Members of IMF experts are seen leaving after meeting with Lebanese Prime Minister Hassan Diab at the government palace in Beirut, Lebanon February 20, 2020. REUTERS/Mohamed Azakir
Members of IMF experts are seen leaving after meeting with Lebanese Prime Minister Hassan Diab at the government palace in Beirut, Lebanon February 20, 2020. REUTERS/Mohamed Azakir

To protect its interests in Lebanon and the region, Washington should therefore recognise these realities and try to work around them. While it might be eminently reasonable and understandable for the US to tie economic assistance – either directly or through the IMF – to Beirut's implementation of structural reforms, it will not stave off state collapse.

Lebanon’s descent into chaos, which is only a matter of time in the absence of international assistance, is no laughing matter. It will also hurt US interests.

Let us start with Hezbollah. If the group presents problems for the US now, imagine how much worse those would be if Lebanon becomes a failed state. History offers useful lessons.

Hezbollah came into being in 1982 in the throes of a vicious civil war and an Israeli occupation. With every existential challenge that it has faced since, including its destructive confrontation with Israel in 2006 and the ongoing Syrian civil war that broke out in 2011, it has only grown stronger. Hezbollah stands to gain the most from anarchy in Lebanon because no local actor would be able to challenge its military supremacy and political dominance.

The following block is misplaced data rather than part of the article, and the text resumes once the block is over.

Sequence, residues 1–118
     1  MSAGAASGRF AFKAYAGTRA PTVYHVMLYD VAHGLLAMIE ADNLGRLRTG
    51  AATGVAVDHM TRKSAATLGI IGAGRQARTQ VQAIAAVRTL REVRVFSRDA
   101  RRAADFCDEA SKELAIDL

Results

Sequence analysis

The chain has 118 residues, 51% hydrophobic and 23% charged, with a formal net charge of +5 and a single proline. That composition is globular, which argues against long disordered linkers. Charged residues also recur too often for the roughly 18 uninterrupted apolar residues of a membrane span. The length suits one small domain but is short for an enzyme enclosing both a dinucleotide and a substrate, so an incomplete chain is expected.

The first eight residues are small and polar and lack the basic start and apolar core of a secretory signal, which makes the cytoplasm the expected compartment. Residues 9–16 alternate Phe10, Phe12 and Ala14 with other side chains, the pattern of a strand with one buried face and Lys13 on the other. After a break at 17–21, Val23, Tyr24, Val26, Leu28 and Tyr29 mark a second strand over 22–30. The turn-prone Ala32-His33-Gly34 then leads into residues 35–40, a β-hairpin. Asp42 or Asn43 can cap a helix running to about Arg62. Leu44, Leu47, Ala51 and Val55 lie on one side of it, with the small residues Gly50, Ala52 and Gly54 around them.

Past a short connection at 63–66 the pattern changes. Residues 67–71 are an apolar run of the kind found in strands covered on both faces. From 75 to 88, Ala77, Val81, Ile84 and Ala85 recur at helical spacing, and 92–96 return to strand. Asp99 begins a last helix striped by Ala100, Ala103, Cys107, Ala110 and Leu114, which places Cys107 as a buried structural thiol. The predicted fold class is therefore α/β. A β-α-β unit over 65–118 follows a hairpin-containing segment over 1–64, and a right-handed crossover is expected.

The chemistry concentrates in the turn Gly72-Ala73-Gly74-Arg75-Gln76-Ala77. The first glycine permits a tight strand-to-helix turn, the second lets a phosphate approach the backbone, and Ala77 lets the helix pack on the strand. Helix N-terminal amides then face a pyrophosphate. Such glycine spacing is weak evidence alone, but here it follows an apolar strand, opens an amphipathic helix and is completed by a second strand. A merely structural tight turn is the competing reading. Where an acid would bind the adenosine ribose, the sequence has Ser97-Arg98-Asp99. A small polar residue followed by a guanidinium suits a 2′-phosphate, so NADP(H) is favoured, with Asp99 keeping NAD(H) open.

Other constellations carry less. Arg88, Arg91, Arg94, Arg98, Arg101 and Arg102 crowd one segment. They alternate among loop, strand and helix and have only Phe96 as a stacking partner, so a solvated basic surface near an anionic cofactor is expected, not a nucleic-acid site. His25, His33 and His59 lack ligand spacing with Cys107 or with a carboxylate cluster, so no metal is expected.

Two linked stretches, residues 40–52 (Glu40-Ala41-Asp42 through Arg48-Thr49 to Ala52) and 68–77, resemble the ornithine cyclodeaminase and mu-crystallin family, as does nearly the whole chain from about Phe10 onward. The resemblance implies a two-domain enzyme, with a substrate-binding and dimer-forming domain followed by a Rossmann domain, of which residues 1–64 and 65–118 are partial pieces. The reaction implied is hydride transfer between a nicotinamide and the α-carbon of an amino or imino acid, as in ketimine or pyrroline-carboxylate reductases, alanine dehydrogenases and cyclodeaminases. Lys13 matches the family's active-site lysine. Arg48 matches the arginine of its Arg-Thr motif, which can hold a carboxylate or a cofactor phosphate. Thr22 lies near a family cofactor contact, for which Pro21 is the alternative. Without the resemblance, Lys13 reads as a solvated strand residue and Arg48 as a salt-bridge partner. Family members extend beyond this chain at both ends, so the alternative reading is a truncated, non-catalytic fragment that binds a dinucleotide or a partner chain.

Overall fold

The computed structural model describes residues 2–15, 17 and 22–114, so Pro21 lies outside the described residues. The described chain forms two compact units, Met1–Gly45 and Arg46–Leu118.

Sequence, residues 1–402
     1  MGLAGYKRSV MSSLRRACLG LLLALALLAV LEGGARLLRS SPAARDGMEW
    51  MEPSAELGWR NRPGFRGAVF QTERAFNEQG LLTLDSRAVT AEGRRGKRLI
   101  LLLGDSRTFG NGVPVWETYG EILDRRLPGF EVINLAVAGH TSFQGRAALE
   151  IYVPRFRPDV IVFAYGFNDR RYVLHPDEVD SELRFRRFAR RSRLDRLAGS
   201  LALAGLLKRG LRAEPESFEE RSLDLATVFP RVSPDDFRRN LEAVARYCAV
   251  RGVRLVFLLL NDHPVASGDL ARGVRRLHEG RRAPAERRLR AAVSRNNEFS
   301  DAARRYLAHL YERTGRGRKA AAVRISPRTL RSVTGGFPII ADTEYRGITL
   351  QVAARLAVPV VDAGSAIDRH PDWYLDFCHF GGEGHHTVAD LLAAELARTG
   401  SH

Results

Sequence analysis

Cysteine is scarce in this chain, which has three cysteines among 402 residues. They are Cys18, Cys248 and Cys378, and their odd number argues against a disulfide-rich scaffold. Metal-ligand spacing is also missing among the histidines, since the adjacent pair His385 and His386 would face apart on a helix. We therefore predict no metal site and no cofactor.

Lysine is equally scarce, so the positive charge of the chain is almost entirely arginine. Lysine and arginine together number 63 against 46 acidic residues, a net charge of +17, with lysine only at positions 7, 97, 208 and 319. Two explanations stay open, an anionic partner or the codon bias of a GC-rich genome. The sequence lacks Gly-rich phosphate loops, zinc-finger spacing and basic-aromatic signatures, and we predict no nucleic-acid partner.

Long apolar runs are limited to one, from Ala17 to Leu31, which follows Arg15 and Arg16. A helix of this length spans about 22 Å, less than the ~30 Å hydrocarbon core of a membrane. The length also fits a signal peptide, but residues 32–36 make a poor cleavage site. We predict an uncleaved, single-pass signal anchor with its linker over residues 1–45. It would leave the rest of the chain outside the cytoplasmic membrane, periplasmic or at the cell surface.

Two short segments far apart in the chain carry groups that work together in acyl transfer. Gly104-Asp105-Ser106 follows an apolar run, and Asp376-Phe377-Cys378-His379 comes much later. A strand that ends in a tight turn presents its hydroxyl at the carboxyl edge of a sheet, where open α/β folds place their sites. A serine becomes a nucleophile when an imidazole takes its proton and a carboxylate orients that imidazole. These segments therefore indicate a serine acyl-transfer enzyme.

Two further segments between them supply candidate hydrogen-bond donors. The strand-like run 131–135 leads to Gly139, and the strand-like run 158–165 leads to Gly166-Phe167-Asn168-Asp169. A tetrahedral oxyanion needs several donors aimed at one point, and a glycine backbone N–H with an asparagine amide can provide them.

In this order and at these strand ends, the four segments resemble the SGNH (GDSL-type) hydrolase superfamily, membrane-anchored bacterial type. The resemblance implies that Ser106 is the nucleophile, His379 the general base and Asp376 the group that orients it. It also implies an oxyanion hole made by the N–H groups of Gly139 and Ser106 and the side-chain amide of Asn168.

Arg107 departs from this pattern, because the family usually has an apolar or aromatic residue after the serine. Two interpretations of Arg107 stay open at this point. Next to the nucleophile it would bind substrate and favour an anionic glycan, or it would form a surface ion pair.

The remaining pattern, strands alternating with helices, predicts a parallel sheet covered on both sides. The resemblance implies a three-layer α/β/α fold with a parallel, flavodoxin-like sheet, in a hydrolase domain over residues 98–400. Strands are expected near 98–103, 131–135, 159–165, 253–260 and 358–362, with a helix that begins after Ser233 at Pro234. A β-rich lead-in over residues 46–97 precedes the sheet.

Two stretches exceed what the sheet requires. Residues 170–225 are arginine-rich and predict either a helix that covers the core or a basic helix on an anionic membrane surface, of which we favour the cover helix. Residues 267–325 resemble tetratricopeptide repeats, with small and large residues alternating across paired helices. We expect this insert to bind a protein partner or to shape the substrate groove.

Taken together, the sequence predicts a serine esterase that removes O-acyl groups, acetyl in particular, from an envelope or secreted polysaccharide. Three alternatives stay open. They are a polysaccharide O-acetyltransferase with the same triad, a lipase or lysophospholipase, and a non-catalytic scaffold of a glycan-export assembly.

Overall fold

Should Hezbollah further spread its wings in Lebanon, it is likely to draw the opposition of Sunni extremists from all over the region. That is a recipe for a return of ISIS, which will use the country as a base for operations against US interests and its allies. It has done it in Syria and there is no reason why it would not be able to do it in Lebanon. Facing sectarian conflict, the Lebanese army would either take cover or disintegrate, prompting many in Washington to intensify their calls for terminating US military assistance. This in turn would invite further Russian involvement in Lebanon, with Moscow keen to do business with the Lebanese army through multiple offers of arms and money. In the context of great-power competition, this would amount to a setback for Washington.

Then there is Iran. If Hezbollah’s fortunes in Lebanon and the region improve, so will those of Iran. The Trump administration is doing everything it can to weaken Tehran and force it to come to the negotiating table. But if Iran is allowed to control Lebanon unchallenged, it will gain an important lifeline and thus be able to more effectively counter US policy.

Given their size and depth, none of Lebanon’s problems will be solved any time soon. The country as a whole requires much healing. But the US has every reason to maintain its strategic position in the country and the Eastern Mediterranean as well as helping its people confront their old sectarian demons and make the hard choices.

Bilal Y Saab is senior fellow and director of the Defence and Security Programme at the Middle East Institute